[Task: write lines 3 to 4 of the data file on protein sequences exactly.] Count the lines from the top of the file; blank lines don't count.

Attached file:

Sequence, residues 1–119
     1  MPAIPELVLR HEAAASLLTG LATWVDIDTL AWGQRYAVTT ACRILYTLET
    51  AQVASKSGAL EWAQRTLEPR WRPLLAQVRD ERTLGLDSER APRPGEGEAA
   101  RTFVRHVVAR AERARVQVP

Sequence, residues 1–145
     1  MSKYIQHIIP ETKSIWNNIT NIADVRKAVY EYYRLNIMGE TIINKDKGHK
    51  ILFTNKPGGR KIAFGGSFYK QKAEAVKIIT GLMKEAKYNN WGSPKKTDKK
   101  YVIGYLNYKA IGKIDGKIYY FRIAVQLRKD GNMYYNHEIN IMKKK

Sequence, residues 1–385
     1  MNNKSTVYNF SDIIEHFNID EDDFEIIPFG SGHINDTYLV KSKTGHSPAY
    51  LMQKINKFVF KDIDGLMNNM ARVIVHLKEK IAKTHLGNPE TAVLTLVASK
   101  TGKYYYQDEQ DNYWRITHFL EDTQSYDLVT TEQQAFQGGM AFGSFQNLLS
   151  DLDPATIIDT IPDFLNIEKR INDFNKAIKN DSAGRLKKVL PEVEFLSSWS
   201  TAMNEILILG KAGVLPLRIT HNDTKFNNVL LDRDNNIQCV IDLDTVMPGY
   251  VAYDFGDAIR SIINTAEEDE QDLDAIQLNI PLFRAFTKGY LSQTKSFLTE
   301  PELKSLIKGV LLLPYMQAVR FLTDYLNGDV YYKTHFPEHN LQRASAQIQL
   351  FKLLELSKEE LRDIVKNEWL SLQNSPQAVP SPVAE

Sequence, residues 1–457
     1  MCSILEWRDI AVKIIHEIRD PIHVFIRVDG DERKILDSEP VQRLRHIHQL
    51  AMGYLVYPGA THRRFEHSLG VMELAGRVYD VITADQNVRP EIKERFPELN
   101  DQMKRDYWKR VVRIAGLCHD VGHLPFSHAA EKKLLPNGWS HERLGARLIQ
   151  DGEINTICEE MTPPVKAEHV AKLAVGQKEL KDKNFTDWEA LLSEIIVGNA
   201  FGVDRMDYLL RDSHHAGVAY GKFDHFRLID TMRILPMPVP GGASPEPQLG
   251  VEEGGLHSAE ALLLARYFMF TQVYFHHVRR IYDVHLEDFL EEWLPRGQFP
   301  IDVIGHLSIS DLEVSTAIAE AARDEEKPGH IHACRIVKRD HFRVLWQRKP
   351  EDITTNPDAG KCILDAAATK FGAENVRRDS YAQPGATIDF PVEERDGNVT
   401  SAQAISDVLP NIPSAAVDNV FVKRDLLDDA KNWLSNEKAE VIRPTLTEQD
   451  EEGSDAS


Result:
    51  AQVASKSGAL EWAQRTLEPR WRPLLAQVRD ERTLGLDSER APRPGEGEAA
   101  RTFVRHVVAR AERARVQVP